Something Fishy in Nassau County

Nassau County is contemplating the imposition of special assessments that may be provided for but not limited to eight activities

Something Fishy in Nassau CountyContributed by: Suanne Thamm

Something Fishy, Part 2

Okay, the biggest fish caught was this writer. When I was forwarded the Nassau County Commission’s recently passed Resolution 2011-190 (A resolution of Nassau County, Florida electing to use the uniform method of collecting non-ad valorem special assessments levied within the incorporated and unincorporated areas of the county, etc.), I read it several times and concluded that it was a harbinger of things to come: new county special assessments.

Shortly after my original email hit the wires, I received an email from County Commissioner Danny Leeper that contained an explanation of this resolution written by County Manager Ted Selby. Commissioner Leeper also denied that the county is using this resolution as a back door to more taxes under the term special assessment. Not wanting to mislead Searchamelia.com readers, I pass along both of these official clarifications for your information.

Ted Selby wrote, “Resolution 2011 ­ 190 is the annual resolution the County adopts that permits the use of the uniform method of collection of non-ad valorem assessments. Florida Statute 197.3632 addresses this method of collection. Over simplified, it allows the assessments to be included in the tax bills sent out by the Tax Collector. We currently have several that include the SAISSA capital project and SAISSA maintenance assessments. The Amelia Concourse also has a maintenance assessment. At one time we used this method for the Landfill assessment also. The BOCC has not discussed adding any non ad valorem assessments nor are they scheduled to consider any that I am aware of.

Years ago, the SAISSA and Landfill assessments were mailed separately from the annual tax bills, which caused several problems when citizens did no pay. Using the Tax Collector method is much easier and has been used for years in Nassau County.”

County Commissioner Danny Leeper further emphasized Selby’s point by adding, “I brought this up to our Board this morning [February 22] and can assure you Nassau County Commissioners are not and have not raised and are [not] raising taxes. Please review [Selby’s] response and if you have any questions please call me. I hope the misleading information that was sent out can be clarified.”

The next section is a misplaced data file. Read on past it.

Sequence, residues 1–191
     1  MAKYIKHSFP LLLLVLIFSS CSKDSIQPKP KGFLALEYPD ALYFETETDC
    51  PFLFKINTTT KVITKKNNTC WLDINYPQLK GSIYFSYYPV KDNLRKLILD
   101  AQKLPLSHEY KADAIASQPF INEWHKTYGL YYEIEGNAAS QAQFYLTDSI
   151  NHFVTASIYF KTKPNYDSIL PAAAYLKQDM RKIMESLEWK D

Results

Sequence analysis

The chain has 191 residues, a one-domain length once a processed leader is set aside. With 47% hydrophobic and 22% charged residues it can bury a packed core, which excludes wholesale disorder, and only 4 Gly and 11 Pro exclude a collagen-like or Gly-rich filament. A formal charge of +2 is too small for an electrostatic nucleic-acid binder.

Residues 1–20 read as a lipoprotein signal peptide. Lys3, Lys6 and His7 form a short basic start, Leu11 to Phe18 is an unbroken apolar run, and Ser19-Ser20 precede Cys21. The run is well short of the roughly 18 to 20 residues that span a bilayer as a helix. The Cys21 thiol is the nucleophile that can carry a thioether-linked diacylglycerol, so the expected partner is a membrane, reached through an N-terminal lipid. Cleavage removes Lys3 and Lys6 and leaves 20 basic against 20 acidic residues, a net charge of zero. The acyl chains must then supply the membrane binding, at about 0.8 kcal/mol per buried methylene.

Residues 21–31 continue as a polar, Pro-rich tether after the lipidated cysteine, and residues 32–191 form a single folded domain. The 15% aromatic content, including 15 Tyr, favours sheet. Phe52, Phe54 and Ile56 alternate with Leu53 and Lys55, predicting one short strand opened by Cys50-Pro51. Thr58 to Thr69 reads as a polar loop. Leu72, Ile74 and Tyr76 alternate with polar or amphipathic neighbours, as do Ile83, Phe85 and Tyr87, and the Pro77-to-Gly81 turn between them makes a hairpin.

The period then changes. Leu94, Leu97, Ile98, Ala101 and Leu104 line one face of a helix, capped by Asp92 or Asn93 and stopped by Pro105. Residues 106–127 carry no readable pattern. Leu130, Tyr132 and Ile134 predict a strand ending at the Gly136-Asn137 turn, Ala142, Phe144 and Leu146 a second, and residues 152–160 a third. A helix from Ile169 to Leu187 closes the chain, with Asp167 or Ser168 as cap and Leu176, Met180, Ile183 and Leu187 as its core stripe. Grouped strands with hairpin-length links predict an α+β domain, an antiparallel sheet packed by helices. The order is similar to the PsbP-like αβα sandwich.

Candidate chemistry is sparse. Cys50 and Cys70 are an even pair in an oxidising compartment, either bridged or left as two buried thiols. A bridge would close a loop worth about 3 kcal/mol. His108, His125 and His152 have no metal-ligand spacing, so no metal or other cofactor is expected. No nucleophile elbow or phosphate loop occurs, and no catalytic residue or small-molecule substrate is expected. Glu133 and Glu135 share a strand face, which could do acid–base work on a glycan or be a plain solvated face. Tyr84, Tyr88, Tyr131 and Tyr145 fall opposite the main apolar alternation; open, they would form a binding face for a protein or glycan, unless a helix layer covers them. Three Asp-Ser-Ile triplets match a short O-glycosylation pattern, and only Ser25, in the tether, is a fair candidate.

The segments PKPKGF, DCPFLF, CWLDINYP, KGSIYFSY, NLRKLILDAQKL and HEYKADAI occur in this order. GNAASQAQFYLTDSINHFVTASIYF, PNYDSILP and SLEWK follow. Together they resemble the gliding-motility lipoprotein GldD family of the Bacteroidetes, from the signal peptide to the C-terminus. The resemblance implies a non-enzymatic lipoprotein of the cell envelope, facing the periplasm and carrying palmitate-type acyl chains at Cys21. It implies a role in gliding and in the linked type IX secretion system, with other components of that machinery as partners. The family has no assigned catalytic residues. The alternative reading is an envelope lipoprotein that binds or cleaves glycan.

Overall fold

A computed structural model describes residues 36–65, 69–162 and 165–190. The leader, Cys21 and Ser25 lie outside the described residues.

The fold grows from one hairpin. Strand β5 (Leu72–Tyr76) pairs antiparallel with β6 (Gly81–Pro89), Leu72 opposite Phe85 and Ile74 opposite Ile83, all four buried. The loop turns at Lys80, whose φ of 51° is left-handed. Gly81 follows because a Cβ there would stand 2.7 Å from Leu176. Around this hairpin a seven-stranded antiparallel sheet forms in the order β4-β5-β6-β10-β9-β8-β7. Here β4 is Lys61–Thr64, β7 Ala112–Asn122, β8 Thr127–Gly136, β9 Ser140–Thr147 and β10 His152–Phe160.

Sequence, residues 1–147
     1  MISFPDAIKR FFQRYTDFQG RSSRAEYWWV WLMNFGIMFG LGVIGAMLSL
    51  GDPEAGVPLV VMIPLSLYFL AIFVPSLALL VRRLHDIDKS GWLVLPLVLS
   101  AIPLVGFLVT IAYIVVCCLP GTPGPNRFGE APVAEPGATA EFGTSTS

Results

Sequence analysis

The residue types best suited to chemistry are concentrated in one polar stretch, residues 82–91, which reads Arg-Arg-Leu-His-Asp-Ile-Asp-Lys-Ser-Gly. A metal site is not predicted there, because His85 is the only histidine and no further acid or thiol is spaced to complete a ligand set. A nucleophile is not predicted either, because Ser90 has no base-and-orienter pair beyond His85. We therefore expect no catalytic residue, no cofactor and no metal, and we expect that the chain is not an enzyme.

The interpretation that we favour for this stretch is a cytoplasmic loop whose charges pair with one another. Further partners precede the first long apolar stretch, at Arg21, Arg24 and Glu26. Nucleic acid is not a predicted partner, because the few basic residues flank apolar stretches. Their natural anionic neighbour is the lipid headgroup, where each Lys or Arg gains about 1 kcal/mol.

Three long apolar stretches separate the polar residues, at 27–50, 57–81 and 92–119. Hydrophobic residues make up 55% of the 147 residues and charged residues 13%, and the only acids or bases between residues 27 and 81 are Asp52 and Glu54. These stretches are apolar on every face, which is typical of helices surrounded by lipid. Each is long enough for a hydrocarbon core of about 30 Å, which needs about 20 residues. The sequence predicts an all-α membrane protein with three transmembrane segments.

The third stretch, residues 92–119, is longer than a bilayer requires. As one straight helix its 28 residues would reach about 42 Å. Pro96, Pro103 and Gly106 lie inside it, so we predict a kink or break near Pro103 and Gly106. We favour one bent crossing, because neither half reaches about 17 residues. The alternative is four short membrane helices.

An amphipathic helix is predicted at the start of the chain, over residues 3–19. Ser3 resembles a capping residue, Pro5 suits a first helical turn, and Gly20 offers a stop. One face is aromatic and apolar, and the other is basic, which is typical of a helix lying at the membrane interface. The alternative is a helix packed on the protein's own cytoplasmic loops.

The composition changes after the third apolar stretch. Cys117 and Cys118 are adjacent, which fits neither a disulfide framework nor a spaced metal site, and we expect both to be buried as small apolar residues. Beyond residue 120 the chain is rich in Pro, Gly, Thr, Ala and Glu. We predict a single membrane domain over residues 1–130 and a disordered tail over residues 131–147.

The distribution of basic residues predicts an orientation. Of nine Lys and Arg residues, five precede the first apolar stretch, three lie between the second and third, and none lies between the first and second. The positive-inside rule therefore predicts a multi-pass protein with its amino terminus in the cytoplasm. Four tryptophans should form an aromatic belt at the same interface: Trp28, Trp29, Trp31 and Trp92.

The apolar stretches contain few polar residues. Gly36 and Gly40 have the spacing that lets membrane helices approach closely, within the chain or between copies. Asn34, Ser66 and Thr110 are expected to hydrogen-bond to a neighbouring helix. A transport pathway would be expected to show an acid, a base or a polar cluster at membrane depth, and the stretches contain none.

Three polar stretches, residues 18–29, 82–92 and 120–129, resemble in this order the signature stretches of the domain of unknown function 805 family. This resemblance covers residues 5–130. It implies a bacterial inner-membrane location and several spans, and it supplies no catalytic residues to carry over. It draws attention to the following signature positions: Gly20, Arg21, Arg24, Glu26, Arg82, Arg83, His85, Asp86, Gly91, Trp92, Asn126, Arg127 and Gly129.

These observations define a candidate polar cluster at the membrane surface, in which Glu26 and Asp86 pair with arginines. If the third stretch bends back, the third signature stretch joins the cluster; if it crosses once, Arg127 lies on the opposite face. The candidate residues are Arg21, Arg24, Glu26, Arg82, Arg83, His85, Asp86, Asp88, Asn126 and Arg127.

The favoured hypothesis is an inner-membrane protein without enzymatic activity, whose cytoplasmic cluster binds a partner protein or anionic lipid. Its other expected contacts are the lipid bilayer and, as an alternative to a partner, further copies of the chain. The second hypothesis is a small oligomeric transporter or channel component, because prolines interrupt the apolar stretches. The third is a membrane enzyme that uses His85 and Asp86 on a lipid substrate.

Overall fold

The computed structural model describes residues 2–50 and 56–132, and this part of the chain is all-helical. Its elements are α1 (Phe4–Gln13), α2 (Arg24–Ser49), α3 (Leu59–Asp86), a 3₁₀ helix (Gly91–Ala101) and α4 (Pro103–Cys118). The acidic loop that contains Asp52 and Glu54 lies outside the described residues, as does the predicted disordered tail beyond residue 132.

While it’s true that my piece appeared as opinion, not reporting, I have criticized other opinion writers for not getting their facts straight first. When you point your index finger, the three remaining fingers point back at you. Just goes to show, it’s never a guarantee to rely completely on a good source and on the actual words in a resolution without context or history.

Editor’s note: There was a resolution passed by the County Commissioners in December that will permit non-ad valorem assessments to be collected via the Tax Collector. Apparently, citizens pay the bills more efficiently using this method. This is done each year and if you watch the video of the passing of this resolution, you will hear someone say this is done every year.

Here is a link if you would like to view the passing of this resolution on December 12, 2011:

http://nassaufl.granicus.com/MediaPlayer.php?view_id=2&clip_id=363

When the video loads, open the drop down menu on the left side of the page where it says, “Jump to”. Select “S” this is the approval of the resolution section of the video.

You can download the entire resolution below:
[download id=”49″]

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1 Comment

  1. Anonymous

    Information overload may be one explanation for the don’t care attitude; another explanation may be that in recent years home-ownership has become a burden to many, better be avoided or abandoned as an American Dream. In addition any Government on any level will relentlessly test how far they can go with taxing constituents beyond their carrying capacity (or willingness to pay), which will ultimately kill off the middle class. And remember that democracy needs a large middle class to sustain itself as a viable system. Now picture the future for your children.

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